THERE ARE ABOUT three hundred people getting drunk in the ballroom of Ottawa’s Chateau Laurier, and I’ve got a handful of cheese.
Lobbyists move through the crowd like farmhands tending cattle. One Conservative member of parliament is grimacing into a glass of wine as a burly man in an ill-fitting suit berates him about the pitfalls of Canada’s trade policy. A gaggle of overeager staffers raid the open bar and circle around food tables. A politely smiling woman is failing to divert the stampede towards the free food and booze. One member of parliament, with a handler trudging behind, floats through the crowd with a glass of beer in one hand and a glass of milk in the other.
When dairy comes to town, a veritable who’s who packs in under the huge ornate chandeliers. Nobody leaves hungry or sober. Feeding stations dot the ballroom, and I find myself attached to the mountains of cheese laid out for the gluttons. This room, with its 18-foot-high walls and woven rugs, has welcomed a queen, a princess and numerous heads of state. But tonight, it is the venue for the most visible manifestation of a year-round lobbying effort to maintain the lucrative supply management system that governs the Canadian dairy industry.
The national dairy lobby—comprised of a complex network of provincial and federal organizations that all fall under the banner of the Dairy Farmers—is a behemoth hiding in plain sight: since the late 1960s, it has financed its supporters, defeated its opponents and kept a firm hold on national policy. It is estimated that the various organizations spend $100 million a year on lobbying—more than the budgets of the five federal parties during the last election combined.
But their position is more precarious than it’s ever been. Pitted against a trade-happy Conservative government that has already tasted the sweet rewards of monopoly-breaking in their effort to crush the Canadian Wheat Board, there are signs that the dairy lobby is getting ready for a fight.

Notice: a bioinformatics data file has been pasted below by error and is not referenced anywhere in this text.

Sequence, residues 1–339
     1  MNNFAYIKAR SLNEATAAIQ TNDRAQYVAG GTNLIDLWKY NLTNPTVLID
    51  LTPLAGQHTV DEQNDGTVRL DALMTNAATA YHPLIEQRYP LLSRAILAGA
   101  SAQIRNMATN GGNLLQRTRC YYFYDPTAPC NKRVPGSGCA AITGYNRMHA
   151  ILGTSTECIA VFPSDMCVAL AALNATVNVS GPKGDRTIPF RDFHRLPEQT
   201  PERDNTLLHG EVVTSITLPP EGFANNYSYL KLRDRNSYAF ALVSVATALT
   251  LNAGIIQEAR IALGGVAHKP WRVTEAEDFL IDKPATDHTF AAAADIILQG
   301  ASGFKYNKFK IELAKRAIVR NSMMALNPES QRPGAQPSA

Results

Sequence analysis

THE SYSTEM OF SUPPLY MANAGEMENT traces its origins back to the 1960s, when a global economic rebound decimated Canada’s dairy exports overnight. Post-war Europe had clamoured for Canadian dairy but the continent’s agricultural renaissance meant ruin for Canadian farms. Dairy farmers were desperate for a solution and Pierre Trudeau’s government supplied one. The Liberals drew up the holy trifecta of protectionism: quotas, price controls and tariffs. Together, they make supply management.
During the system’s incubation period, Ottawa sent out free quotas to the country’s dairy and chicken farmers—the amount of product you can produce depends on how much quota you have. Once you have your quota and your product, you are legally required to sell it to the provincial marketing boards, which are responsible for hawking it to consumers, retailers and secondary producers. The Canadian Dairy Commission, with its $8 million budget and approximately sixty employees, now oversees the system and sets the national prices. They are the milk czars.